... and back to blogging! My kids started back to school this past week. Whew! I am already suffering from waking up earlier than usual. I have so much respect for teachers who wake up early every morning, often getting their own kids off to school, in order to be there for our children. I know that this is the case, because my mother was a teacher. Her mother was also a teacher. I volunteer at school often, because I know how much work teachers put in, and also how much support they need. I've been known to say, "You can always tell who the teachers' kids are, because they are usually the first to help out."
My maternal grandmother, Marjorie Skeen Russell, was fortunate to attend college at the University of Utah, where she received her degree in physical education. While she rarely had a classroom of her own, my grandma taught children in many capacities during her life. Among other endeavors, she was a substitute P.E. teacher, a driver's education instructor, taught Kindergarten at a private school, and was a docent for Utah's Hogle Zoo, bringing animals into classrooms.
She credited her passion for learning and discovery to her own experience as a young student at the William M. Stewart School. The school's new building was constructed on the University of Utah campus just a year before she started Kindergarten in 1919 (according to my best calculations). It acted as the Normal School or "lab" school for the College of Education, and many of the children who attended were children of professors or others associated with the University of Utah. The teaching philosophy was very hands-on and experiential. The teachers capitalized on the many connections with parents and associates by making the campus their classroom.
My grandma loved recounting her early school days. One of the memories she shared was of walking across 500 South (just South of the university) to Mt. Olivet Cemetery, where the class would observe and catch tadpoles. As older students, they raised chickens on the roof of the school, and sold the eggs. The children practiced their math skills by keeping track of egg sales. She related her pride at being selected to ring the school bell. The bonds the children formed lasted a lifetime. I have memories of my grandma still regularly meeting her "Kindergarten friends" for lunch when she was in her 80s.
While I was trying to learn more about the school, I found an article written in 1988 when a reunion for the school was being organized. It described the wonderful environment created for the students - you can read all about it here. It really sounded like a dream for the entire school community.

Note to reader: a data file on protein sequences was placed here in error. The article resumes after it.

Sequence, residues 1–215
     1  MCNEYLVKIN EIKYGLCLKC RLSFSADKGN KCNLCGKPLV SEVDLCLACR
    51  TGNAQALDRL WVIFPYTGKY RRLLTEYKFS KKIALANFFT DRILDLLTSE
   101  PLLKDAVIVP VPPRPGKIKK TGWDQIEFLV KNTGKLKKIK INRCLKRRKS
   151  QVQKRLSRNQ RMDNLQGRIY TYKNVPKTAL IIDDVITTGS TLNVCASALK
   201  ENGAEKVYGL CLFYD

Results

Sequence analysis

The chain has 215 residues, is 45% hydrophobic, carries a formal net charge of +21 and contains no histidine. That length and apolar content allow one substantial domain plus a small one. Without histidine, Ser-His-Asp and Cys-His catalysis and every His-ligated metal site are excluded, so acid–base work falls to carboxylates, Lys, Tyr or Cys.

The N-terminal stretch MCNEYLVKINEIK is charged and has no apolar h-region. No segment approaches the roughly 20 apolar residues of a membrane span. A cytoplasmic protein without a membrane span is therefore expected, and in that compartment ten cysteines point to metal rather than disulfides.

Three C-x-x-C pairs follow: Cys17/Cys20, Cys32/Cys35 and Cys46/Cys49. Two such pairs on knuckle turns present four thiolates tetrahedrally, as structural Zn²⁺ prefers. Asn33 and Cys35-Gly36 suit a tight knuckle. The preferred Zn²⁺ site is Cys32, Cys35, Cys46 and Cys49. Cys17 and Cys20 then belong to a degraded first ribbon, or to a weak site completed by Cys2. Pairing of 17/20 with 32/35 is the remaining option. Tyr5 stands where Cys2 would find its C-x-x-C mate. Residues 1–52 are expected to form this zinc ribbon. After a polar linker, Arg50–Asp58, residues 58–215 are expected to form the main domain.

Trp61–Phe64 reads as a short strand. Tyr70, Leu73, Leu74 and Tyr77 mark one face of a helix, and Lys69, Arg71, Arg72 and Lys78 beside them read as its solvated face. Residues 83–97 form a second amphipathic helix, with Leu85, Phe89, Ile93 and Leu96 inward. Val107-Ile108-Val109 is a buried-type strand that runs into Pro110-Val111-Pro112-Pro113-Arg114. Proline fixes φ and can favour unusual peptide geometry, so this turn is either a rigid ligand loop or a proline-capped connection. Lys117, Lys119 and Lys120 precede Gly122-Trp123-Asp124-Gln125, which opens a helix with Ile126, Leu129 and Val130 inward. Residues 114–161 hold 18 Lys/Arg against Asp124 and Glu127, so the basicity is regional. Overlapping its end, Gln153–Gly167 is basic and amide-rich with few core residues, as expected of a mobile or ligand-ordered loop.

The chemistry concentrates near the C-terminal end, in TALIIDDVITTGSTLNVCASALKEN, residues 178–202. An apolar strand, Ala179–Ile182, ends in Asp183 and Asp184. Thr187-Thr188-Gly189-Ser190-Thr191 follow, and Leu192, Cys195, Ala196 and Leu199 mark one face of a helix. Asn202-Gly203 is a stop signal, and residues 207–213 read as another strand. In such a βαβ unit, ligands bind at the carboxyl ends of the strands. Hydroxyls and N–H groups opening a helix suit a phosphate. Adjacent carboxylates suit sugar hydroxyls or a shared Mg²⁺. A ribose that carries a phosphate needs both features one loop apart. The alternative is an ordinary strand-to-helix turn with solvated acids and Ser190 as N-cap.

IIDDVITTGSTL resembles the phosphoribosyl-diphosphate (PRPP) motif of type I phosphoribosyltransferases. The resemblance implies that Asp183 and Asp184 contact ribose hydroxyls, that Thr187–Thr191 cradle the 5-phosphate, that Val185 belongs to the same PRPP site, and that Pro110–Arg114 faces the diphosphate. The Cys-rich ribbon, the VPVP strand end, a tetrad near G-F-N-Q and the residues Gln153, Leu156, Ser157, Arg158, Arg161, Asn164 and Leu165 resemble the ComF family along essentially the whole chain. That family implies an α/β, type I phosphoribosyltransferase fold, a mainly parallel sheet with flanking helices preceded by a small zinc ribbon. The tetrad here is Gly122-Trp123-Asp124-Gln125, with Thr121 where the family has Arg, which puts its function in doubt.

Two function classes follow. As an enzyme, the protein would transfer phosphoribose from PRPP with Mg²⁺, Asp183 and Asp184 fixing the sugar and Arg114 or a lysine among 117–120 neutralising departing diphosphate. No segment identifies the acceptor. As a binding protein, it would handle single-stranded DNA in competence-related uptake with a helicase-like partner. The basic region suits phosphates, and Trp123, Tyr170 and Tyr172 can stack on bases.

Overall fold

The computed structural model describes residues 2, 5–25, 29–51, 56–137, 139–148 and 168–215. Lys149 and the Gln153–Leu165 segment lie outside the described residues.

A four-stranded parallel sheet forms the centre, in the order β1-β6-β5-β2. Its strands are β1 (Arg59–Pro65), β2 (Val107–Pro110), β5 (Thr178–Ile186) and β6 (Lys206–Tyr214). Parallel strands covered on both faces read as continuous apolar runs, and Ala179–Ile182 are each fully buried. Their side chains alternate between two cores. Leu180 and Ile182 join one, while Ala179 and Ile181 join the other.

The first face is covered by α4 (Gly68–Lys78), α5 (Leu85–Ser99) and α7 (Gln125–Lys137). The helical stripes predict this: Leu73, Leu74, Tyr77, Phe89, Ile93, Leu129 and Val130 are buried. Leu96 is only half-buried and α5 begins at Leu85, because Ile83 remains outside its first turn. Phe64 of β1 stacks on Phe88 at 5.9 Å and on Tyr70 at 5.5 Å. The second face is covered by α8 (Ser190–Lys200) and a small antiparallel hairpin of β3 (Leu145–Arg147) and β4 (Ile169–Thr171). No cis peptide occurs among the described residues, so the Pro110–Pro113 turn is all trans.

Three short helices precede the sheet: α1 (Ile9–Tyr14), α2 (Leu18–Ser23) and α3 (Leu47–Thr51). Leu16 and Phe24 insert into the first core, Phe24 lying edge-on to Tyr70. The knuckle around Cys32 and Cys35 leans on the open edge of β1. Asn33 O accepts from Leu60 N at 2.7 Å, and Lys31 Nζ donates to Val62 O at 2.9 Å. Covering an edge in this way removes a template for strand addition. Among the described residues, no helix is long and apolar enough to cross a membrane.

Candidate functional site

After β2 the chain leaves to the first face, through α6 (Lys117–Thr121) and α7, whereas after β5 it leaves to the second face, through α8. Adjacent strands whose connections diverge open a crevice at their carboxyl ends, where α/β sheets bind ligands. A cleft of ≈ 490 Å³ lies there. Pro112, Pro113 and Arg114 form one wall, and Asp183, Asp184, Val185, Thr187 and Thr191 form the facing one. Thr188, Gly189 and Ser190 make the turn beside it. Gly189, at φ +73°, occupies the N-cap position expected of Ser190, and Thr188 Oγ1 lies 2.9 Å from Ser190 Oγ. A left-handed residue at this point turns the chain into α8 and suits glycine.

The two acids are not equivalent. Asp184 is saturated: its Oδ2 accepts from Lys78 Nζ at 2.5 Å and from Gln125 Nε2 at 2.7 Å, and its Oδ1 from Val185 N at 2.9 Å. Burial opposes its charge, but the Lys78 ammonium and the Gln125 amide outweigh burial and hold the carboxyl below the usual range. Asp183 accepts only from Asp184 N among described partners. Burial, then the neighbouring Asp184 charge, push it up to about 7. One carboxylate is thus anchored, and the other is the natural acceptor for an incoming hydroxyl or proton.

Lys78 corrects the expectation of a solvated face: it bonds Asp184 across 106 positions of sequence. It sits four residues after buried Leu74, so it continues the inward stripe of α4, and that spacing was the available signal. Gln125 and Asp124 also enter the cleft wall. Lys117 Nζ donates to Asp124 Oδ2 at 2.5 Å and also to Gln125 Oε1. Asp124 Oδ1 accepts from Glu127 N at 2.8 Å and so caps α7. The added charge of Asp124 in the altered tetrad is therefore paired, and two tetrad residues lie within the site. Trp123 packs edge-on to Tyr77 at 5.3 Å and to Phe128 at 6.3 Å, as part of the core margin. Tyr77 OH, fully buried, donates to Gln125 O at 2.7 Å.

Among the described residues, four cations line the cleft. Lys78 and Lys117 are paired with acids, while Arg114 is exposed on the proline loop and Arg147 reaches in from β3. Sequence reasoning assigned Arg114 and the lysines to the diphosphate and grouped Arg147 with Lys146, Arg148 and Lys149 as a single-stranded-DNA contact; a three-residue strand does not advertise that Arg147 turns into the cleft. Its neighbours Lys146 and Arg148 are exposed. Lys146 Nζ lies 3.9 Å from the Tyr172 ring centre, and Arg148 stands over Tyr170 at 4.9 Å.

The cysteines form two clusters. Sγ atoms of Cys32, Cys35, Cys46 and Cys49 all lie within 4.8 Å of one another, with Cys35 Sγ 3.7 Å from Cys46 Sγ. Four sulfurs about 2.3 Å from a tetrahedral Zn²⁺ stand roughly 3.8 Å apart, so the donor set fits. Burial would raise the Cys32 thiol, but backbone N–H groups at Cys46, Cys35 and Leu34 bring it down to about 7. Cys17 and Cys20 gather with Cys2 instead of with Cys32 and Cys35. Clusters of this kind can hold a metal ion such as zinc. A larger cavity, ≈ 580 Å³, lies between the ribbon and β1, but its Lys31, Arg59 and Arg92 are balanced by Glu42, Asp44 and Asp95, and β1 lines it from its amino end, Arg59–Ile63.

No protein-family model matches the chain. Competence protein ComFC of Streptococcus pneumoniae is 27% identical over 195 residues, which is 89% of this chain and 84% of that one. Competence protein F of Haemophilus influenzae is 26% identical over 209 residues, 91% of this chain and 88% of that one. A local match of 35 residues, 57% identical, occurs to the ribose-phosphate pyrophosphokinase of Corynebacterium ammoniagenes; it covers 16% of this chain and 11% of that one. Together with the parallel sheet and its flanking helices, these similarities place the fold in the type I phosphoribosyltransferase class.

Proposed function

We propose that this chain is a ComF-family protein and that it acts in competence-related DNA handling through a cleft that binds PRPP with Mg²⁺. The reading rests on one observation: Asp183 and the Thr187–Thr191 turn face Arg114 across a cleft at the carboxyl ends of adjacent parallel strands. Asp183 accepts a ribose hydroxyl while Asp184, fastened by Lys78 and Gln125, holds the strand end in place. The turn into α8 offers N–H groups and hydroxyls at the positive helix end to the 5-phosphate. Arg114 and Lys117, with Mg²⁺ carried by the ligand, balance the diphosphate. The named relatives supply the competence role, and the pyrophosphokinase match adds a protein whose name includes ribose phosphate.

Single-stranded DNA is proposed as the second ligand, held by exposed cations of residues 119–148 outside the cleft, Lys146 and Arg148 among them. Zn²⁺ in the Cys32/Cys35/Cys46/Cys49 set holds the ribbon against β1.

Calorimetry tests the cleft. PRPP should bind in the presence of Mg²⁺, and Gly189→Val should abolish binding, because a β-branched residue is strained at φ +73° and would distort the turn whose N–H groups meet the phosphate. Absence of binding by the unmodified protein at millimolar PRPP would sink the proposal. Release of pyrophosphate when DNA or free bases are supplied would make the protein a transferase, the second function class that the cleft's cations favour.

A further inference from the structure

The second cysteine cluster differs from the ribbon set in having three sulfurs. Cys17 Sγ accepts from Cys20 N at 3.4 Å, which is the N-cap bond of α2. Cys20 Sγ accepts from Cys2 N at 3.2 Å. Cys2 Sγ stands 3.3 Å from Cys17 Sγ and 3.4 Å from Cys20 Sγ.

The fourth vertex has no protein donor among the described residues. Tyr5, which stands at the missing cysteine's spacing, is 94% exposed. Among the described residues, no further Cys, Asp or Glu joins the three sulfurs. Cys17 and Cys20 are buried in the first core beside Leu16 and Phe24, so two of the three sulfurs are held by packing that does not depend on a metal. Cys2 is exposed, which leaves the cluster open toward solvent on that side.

I can say, without a doubt, that my grandmother's experience at this school has rippled out far and wide for many years. My grandma used the hands-on model of the school while raising her own children, making sure they played with clay and got out to explore nature. My mother grew up to be a dedicated teacher, whose use of experiential learning earned her the 1999 Presidential Award for Excellence in Mathematics and Science Teaching. Much like my grandma, while I have never had my own classroom, I spent my 20s and 30s in the field of outdoor education, sharing the wonders of our natural world and gardening with young children, including my own. So many lives have been influenced by the efforts of the Stewart School - I'm left feeling very grateful for it!
If you are interested in learning more about the William M. Stewart School, there are two collections of related materials available to the general public. I will definitely be taking a look the next time I am in Salt Lake City! Here is more information:
1. "Marjorie Skeen Russell, Obituary," Deseret News (Utah), 1 November 2001; Deseret News Archives (https://www.deseretnews.com/article/885020/Obituary-Marjorie-Skeen-Russell.html : accessed 2 September 2018); also telephone conversation with author's mother/daughter of Marjorie Skeen Russell, 1 September 2018.
2. "William Stewart Building (1920)," revised 12 March 1998, University of Utah Graduate School of Architecture; University of Utah Historic Buildings (http://students.arch.utah.edu/hba/htmlfiles/bldg006.html : accessed 3 September 2018).
3. "Thanksgiving Play Dinners Enjoyed by Tots, Stewart Pupils Prepare Tempting Menus," Salt Lake Tribune (Utah), 27 November 1919, page 22; Utah Digital Newspapers (https://newspapers.lib.utah.edu/details?id=15066768 : accessed 3 September 2018).
4. "Stewart School Is Having a Reunion," Deseret News (Utah), 27 September 1988; Deseret News Archives (https://www.deseretnews.com/article/18645/STEWART-SCHOOL-IS-HAVING-A-REUNION.html : accessed 3 September 2018).